Far more people traveled under the Greenfield Bridge before it disappeared Monday than ever traveled over it. That isn’t what was envisioned when it opened 92 years ago.
It was supposed to be part of a landscaped thoroughfare making travel through the city a leisurely experience in the wondrous age of automobiles. Therein is the story of Beechwood Boulevard, the longest convoluted street in a city of many, and a romantic vision that ultimately made Pittsburgh more livable.
If you drive through Squirrel Hill, you may wonder why the boulevard meanders so much without changing names. It is because a century ago, Beechwood went on a growth spree, trying to sidle up to every recently created park it could reach.
Many cities developed similar park-oriented roads at that time. Some called them, get this . . parkways. We’ll get back to that.
An art commission reviewed the design for the Beechwood Boulevard bridge at Greenfield. The commission wanted to ensure it would appeal to what were called Sunday drivers, those out for recreational cruises.
It approved a graceful arching concrete expanse. Drivers would be culturally elevated by beauty, and relieved not to crash into the valley below. That came close to happening.
The wood structure it replaced, sometimes called the Schenley Park Bridge, was falling down, falling down. City Photographer pictures dated 1909 show a major effort underway to jack the bridge up and get its sliding feet firmly replanted on the hillsides.
Photos dated 1921 show a splintered debris field across the valley. A “Closed Bridge Sign” teetering over one edge indicated the span had already been closed when it fell.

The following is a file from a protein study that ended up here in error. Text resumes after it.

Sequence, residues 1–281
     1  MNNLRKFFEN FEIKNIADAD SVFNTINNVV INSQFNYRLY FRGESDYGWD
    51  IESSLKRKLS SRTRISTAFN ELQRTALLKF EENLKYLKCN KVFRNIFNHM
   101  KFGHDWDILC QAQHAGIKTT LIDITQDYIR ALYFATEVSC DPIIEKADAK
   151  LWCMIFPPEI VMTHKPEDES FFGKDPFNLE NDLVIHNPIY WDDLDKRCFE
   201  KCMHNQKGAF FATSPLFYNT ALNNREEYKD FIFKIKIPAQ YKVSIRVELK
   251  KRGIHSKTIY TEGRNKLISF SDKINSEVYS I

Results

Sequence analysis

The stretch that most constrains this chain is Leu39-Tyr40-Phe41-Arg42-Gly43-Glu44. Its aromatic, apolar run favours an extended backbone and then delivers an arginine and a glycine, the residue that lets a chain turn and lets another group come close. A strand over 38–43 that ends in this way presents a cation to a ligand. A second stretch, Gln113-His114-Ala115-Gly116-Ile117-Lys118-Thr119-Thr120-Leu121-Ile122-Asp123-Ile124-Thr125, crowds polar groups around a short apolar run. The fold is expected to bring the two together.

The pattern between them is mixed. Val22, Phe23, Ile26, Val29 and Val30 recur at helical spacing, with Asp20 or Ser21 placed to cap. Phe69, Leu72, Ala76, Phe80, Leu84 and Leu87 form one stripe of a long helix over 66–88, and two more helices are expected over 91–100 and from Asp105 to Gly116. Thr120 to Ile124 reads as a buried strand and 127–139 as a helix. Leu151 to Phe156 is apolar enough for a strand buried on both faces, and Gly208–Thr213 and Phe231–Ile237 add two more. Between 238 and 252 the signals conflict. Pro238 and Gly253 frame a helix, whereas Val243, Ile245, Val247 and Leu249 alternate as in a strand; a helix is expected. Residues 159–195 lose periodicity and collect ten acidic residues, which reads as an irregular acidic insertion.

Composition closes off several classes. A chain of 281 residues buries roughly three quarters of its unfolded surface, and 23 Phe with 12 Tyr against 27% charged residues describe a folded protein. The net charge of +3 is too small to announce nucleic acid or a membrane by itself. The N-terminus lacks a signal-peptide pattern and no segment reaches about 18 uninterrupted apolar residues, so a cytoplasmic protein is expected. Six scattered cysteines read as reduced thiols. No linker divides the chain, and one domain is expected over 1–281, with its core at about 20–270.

Not that it would have hit much. Down below, you would not see cars sitting six abreast and motoring impatience rising with the fumes. There was just unpaved Forward Avenue and Four Mile Run lazily tracing the bottom of the ravine.
The Man Who Made Pittsburgh Livable
The beginnings of modern traffic under the bridge would not be seen until the Penn-Lincoln Parkway tunneled through the obstructive base of Squirrel Hill in 1953.
But, that’s jumping ahead. Let’s jump back. Let’s look at the career of a remarkable city worker who shaped the city more than anyone else. Every Pittsburgher knows his cool name, but not what he did: Bigelow, as in Bigelow Boulevard.
Edward Bigelow was in charge of public works, parks and involved with city planning for more than 30 years.
He not only saw the need for urban parks and landscaped boulevards in a highly industrialized city, the persuasive civil engineer made it happen.
Here is just one example:
One day in 1889, Bigelow, probably lunching at the Duquesne Club downtown, heard a local developer was sending an agent to England to talk heiress Mary Schenley into selling a few hundred acres of what is now Oakland and Squirrel Hill.
He set his napkin down, got up and rushed to an East Liberty attorney. Bigelow put the lawyer on a train to New York with instructions to get on a London-bound steamer and talk to Mary first. He did. By two days. Before the developer’s agent arrived, Mary agreed to give 300 acres to the city to use as a park, with an option to buy another 120. She asked only that the park bear her name and never be sold.
Vanity or Vengeance?
The name requirement sounds like vanity, but Mary may have had something else in mind. She may have been saying, “In your face!” to people long dead.
Schenley was really her husband’s name. She came from a family of O’Haras and Croghans. Mary was 15 and at boarding school in New York when she eloped with her 43-year-old English captain. Her outraged father set off a newspaper-flamed international scandal. He tried cutting her off. However, her mother’s father, a wealthy Pittsburgh frontier businessman and landowner, set her up generously. Grandparents tend to do that.
Paperwork in hand, the city immediately bought the optional 120 acres. Before a decade was out, Bigelow got the city to add another 90 acres to Schenley Park.